encouraged parents to place stickers–illustrated with
the traditional “poison” symbol of skull and
crossbones–on all dangerous items. Frequently,
though, the warnings weren’t heeded. So the doctor asked
preschoolers how they felt about the skull and crossbones,
and discovered that small fry are attracted to the
symbol… because pirate cartoons and the like have led
them to associate it with having fun.

Moriarty then developed a symbol that did turn youngsters
off: a scowling, phosphorescent green face sticking out its
tongue. One little girl looked at the face and said,
“That’s yukky!” So the symbol was christened Mr. Yuk,
and–since 1972–more than 25 million Mr. Yuk
stickers have been distributed in the Pittsburgh area

Preventive Measures You Can Take

[1] Label all household poisons with Mr. Yuk stickers
(available through order forms contained in the Poison
Safeguard Kit described below). Tell your children what
you’re doing and why you’re doing it. Common
dangerous household poisons include aspirin and other
medications, laundry detergents and bleaches, cleaning
agents, shampoos and shaving cream, insecticides, and
suntan lotion.

[2] Supervise your children closely right before mealtime.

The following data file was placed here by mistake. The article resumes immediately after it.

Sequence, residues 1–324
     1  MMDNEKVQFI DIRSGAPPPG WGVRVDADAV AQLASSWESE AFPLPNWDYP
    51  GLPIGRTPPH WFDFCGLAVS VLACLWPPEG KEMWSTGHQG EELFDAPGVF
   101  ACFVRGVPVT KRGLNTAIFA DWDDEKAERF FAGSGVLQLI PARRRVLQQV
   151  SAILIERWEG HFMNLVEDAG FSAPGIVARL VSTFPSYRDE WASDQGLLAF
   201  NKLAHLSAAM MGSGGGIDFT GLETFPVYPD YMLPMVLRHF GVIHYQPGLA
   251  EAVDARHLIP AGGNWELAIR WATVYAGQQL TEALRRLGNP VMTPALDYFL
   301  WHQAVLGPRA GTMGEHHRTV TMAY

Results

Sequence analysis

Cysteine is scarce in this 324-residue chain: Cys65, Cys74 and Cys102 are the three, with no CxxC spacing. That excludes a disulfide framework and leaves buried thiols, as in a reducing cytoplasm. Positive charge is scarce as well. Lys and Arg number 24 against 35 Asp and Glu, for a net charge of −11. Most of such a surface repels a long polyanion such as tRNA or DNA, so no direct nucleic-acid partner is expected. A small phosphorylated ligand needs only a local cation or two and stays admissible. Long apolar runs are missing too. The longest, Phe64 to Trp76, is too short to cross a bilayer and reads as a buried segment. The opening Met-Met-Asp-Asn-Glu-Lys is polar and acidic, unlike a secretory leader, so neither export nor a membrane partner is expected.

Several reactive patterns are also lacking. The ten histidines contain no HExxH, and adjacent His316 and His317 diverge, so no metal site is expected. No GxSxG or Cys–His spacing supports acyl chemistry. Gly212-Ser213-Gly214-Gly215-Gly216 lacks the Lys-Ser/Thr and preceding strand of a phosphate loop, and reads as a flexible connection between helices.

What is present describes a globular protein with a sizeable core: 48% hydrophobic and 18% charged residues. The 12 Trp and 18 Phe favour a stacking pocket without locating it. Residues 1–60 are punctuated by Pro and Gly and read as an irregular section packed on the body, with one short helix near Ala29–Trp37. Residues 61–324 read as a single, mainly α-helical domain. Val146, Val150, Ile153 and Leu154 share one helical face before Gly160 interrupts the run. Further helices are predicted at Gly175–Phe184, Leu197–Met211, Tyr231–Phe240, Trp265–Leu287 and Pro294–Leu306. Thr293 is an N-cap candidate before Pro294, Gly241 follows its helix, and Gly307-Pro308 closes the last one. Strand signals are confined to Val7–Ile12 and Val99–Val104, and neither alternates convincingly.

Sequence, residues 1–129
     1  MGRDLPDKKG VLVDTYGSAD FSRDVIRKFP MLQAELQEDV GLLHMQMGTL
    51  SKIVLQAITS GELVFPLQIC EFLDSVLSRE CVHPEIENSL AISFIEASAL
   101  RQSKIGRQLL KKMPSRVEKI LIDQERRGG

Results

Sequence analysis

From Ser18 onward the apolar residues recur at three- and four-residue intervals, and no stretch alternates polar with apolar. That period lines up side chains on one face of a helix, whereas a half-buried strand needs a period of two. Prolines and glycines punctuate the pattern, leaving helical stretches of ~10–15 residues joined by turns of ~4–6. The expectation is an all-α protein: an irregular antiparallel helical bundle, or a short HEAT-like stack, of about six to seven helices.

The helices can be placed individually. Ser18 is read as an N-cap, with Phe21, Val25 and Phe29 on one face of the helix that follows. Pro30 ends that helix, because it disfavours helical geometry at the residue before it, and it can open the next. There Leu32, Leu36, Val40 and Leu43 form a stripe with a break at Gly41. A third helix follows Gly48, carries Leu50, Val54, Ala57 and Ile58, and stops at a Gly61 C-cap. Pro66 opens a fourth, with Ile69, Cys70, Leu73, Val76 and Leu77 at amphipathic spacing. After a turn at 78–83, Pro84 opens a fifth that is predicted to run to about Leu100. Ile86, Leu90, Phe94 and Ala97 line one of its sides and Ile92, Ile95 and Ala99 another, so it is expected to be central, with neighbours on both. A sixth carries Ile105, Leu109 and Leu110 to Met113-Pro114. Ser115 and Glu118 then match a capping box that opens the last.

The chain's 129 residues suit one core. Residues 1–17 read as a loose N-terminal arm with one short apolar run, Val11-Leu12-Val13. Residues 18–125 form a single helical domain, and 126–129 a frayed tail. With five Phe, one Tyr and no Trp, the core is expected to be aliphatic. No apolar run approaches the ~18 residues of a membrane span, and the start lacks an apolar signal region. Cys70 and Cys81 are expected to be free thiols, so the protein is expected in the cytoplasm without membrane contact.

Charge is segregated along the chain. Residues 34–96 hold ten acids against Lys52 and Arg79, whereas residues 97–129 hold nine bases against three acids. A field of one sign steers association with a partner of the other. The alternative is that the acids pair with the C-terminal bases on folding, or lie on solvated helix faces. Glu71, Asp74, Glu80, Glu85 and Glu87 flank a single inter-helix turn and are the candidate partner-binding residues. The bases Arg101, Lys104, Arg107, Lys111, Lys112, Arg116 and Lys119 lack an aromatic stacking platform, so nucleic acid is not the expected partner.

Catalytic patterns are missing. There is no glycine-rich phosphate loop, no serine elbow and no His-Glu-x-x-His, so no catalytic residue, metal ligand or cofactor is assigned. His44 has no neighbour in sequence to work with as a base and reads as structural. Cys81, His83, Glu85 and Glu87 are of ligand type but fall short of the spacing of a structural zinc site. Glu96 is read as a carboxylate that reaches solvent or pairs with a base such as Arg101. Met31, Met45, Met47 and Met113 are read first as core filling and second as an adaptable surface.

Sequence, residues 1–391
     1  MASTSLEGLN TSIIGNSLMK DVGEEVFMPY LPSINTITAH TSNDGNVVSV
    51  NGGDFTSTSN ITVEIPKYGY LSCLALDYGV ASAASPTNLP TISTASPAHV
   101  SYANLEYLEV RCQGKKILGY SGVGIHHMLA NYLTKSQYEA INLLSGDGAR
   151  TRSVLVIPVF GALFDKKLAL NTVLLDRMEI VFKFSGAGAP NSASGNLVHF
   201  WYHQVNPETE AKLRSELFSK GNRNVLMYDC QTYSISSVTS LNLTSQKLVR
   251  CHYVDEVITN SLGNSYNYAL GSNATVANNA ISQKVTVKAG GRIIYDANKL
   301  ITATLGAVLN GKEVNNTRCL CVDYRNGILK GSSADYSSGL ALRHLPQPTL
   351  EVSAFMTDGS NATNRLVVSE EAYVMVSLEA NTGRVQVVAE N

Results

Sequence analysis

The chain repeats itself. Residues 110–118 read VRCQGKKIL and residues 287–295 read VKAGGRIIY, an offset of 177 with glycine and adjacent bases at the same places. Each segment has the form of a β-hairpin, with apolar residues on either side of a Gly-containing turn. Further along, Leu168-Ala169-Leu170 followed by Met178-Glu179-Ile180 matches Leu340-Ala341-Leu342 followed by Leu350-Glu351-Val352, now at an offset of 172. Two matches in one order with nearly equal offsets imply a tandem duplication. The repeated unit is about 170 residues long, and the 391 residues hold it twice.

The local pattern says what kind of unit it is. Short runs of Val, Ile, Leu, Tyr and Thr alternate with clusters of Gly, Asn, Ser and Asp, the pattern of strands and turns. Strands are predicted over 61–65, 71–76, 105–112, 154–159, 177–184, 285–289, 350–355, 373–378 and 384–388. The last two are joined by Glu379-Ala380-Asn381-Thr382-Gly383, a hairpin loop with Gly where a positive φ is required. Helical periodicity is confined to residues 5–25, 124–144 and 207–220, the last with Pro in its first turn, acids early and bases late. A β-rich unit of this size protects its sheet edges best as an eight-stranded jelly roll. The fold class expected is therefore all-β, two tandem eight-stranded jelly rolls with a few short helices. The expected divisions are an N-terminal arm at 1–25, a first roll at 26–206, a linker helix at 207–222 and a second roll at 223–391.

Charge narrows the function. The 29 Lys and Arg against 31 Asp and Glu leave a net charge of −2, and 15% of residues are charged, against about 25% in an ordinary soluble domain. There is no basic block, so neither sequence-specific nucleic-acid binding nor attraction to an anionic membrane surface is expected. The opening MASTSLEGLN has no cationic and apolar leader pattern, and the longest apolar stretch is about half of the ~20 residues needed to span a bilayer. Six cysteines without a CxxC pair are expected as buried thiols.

A substantial proportion of accidental poisonings occur
when youngsters are hungry.

[3] Post the telephone number of the nearest Poison Control
Center beside your phone. Local centers are usually listed
inside the cover or in the white pages of the phone book.
If you don’t find such a listing, send a self-addressed,
stamped envelope to the National Poison Control Network
and ask for the number of the center
closest to you. Do it now . . before you actually
need assistance.

[4] Buy a Poison Antidote Slideguide and/or a Poison
Safeguard Kit. The Slideguide is an uncomplicated cardboard
wheel. You simply turn a disk to the code number assigned
to a given poison, and a home antidote or other
instructions appear in a window marked “Procedures.”

The Poison Safeguard Kit was developed in conjunction with
Dr. Moriarty’s National Poison Control Network. It contains
order forms for Mr. Yuk stickers, the telephone numbers of
every Poison Control Center in the United States, poison
education information, two bottles of syrup of ipecac to
induce vomiting, and a bottle of activated charcoal (which
is a useful antidote in many instances). 

If Poisoning Occurs…

Don’t panic and DO NOT immediately reach for the